In the review, Richardson and Lichtman first provide a brief explanation to the underlying physics that determines whether a substance is clear, like water, or cloudy, like milk. As light propagates, it constantly interacts with matter. Specifically, when it comes in contact with a given substance, it can briefly impart some of its energy to the electrons of the atoms and molecules comprising that material. If one of these interactions occurs, the forward propagation of light pauses for a very brief moment and the direction the light is travelling is altered to “scatter” it in all directions. In clear substances, like water, a high concentration of homogenous scatters exist (individual molecules) and those that are excited by the light simultaneously interfere with each other. This synchronous scattering causes deconstructive interference in directions perpendicular to the direction light entered the liquid. In contrast the sequential scattering of light in the forward direction leads to constructive interference allowing light to continue moving in the forward direction. In milky appearing liquids, the presence of inhomogeneities in the number of scatters prevents the lateral deconstructive interference so light propagates in all directions giving the liquid its cloudy appearance.
Richardson and Lichtman continue the review by categorizing the many clearing techniques currently available into two categories: solvent-based clearing and aqueous-based clearing. Solvent-based clearing was originally proposed in the early 1900s, but has recently undergone a renaissance. Solvent-based techniques are economical, rapid, and easy to perform; however, they produce a high degree of tissue shrinkage and rapidly quench fluorescent protein emission. Therefore, a number of aqueous-based techniques have also been recently developed to address these issues. Richardson and Lichtman discuss the three main categories of aqueous-based techniques (simple immersion, hyperhydration, and hydrogel embedding), and describe the molecular mechanisms whereby they produce cleared tissue.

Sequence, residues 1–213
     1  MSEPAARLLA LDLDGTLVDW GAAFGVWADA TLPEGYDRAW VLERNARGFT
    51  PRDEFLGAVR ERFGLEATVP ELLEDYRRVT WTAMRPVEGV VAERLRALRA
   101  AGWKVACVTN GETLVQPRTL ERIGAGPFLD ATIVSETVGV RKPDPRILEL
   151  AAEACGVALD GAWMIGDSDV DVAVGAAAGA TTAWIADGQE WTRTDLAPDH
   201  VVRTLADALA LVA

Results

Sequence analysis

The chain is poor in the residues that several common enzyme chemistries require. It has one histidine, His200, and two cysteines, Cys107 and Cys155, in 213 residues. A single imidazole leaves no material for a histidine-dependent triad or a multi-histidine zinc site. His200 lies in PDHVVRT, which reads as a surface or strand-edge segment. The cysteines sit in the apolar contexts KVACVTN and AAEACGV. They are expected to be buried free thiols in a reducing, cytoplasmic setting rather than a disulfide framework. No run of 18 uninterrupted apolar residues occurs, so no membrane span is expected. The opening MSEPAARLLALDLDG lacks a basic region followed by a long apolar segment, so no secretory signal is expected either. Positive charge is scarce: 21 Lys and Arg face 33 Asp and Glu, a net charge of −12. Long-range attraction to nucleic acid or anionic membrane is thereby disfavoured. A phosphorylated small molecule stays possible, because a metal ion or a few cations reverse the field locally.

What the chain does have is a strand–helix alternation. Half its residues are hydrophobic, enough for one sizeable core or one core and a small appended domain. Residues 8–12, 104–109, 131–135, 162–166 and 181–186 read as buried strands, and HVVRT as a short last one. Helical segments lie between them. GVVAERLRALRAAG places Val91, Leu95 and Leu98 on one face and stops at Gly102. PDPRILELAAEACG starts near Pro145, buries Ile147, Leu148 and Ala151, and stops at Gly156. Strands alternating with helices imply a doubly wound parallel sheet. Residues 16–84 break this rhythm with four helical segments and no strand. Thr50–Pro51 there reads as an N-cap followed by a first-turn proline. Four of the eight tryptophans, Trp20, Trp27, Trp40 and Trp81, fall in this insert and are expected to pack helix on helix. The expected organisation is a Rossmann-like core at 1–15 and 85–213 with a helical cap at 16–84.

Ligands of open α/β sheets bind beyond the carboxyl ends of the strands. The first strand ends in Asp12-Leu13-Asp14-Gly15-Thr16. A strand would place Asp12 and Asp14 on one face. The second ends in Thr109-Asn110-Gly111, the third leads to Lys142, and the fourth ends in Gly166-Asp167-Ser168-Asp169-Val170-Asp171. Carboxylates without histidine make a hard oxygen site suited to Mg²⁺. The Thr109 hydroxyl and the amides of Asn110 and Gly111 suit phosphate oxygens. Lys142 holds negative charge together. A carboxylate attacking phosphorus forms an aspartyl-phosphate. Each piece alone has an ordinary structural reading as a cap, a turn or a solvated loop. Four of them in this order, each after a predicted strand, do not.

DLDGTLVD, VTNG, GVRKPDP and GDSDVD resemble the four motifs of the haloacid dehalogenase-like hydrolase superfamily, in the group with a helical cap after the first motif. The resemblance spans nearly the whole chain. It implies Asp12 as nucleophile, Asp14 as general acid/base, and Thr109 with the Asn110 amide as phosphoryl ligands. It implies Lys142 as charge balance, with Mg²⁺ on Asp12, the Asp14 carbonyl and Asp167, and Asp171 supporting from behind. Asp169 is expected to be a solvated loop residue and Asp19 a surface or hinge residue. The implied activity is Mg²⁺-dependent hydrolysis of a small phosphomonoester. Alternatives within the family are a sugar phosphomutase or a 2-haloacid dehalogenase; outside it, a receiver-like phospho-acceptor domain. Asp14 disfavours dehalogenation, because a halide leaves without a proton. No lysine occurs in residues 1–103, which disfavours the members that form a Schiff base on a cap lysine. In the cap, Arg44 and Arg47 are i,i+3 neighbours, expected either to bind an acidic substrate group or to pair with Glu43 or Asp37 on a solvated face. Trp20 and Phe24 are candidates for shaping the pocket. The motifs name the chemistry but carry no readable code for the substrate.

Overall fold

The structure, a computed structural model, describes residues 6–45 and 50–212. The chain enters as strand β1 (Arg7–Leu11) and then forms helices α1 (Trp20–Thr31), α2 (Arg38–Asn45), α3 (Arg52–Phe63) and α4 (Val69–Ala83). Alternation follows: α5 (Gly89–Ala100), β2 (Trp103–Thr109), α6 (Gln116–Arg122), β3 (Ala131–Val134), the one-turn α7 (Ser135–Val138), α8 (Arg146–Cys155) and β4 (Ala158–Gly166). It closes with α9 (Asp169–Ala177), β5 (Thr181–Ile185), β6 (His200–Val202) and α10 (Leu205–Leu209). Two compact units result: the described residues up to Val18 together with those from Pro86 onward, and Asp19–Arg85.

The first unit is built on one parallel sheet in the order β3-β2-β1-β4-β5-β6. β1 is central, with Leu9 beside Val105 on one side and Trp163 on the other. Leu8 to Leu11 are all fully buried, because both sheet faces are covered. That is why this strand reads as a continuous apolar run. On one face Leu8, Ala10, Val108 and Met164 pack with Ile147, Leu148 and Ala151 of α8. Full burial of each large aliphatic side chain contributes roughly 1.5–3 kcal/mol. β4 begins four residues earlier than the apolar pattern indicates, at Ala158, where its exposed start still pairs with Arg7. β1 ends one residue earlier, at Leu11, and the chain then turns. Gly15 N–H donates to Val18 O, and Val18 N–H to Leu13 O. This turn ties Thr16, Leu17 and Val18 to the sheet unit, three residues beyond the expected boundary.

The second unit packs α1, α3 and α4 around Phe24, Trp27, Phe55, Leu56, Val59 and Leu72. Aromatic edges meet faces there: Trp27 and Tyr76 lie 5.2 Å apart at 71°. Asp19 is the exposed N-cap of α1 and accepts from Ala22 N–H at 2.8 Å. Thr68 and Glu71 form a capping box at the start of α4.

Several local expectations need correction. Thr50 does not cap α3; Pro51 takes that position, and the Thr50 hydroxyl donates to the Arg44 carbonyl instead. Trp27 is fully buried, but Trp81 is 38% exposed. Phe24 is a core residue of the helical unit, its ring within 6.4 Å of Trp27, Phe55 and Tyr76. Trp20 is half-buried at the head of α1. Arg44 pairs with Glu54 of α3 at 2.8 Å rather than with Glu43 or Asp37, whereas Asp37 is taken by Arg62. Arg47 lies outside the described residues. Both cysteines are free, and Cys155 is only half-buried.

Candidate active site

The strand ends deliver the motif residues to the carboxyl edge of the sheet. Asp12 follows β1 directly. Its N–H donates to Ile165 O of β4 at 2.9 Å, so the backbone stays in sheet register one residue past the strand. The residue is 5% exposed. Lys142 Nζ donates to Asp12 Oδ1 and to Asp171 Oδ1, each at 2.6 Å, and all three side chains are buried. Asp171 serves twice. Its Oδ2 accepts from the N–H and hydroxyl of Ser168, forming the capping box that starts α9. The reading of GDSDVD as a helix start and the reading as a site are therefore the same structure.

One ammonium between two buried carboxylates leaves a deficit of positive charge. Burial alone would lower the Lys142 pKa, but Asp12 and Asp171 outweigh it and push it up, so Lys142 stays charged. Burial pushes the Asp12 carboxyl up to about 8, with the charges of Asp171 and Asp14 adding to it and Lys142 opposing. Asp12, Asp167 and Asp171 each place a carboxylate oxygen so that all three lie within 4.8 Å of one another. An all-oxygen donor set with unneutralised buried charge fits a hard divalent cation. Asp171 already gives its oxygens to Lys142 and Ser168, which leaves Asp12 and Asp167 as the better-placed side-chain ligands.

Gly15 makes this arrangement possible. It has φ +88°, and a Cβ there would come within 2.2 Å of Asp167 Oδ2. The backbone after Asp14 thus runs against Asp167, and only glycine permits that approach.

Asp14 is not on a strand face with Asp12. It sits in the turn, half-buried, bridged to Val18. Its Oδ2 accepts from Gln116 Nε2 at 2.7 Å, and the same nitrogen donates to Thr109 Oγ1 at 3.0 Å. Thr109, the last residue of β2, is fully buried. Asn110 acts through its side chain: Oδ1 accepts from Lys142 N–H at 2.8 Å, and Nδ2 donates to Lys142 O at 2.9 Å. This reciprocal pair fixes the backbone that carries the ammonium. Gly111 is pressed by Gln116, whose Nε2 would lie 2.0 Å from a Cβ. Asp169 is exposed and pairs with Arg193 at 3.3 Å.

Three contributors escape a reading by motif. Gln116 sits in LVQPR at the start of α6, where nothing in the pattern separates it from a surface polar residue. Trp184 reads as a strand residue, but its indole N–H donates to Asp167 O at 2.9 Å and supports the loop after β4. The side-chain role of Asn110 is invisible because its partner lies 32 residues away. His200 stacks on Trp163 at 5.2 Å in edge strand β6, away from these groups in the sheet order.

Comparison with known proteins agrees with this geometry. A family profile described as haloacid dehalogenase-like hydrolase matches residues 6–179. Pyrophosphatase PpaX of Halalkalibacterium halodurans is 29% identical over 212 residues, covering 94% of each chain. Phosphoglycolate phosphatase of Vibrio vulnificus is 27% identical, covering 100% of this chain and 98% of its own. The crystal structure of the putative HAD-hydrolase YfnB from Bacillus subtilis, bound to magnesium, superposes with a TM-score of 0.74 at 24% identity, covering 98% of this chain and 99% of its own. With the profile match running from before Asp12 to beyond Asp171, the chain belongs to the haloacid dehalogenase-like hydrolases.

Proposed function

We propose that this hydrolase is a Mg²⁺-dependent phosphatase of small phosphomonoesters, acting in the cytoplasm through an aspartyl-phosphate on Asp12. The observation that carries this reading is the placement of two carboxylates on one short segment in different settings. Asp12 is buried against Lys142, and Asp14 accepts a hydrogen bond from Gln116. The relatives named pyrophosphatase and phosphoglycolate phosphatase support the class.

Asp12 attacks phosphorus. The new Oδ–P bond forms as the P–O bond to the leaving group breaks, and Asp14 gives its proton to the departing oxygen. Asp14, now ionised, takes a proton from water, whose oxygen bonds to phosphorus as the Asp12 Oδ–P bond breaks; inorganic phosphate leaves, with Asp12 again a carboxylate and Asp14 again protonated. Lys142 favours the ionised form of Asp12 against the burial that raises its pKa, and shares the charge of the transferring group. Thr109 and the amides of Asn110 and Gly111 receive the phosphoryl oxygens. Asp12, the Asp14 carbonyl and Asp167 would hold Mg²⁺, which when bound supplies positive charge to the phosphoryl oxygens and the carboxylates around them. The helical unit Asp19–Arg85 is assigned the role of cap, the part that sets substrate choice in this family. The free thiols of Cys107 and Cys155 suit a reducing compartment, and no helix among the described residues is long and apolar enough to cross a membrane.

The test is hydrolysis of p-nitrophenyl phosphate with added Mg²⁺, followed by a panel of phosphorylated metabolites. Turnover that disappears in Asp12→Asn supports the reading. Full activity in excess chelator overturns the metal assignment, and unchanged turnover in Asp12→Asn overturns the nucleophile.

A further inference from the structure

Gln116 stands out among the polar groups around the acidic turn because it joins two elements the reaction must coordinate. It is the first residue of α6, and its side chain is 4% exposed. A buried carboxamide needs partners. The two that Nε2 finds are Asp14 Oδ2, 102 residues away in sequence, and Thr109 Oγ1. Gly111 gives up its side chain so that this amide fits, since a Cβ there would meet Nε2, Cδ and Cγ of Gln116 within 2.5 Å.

Finally, a discussion regarding the optical sectioning modalities available to image large cleared tissues (confocal, 2-photon, and lightsheet microscopies) is included. Specifically, this section describes which samples are best suited to a certain microscope, considerations for proper objective lens selection, and suggestions for data handling and analysis.
Overall, Richardson and Lichtman hope this review will be a useful reference that can guide and inform a novice looking to begin a series of tissue clearing experiments, give researchers an intuitive sense of how to think about new clearing strategies, and also frame a discussion regarding the developments that are needed to further advance the field.
The HCBI has been working closely with Carl Zeiss Microscopy to assist in the development of a modified version of their Lightsheet Z1 microscope that is capable of rapidly imaging cleared tissue. In addition, the HCBI has now acquired the first commercial electrophoretic tissue clearing device in North America from Logos Biosystems to further simplify the tissue clearing pipeline. The HCBI is also working to find answers to the big data questions that tissue clearing presents. Close collaborations with FAS Research Computing have led to solutions for data storage and transfer, while work with Arivis AG has presented methods for visualization and analysis of these huge data sets (recognized by a Microsoft Life Sciences Innovation award in 2014).
The HCBI plans to remain at the forefront of tissue clearing techniques and is looking forward to facilitating a number of biological breakthroughs as more of its member labs adopt these methods.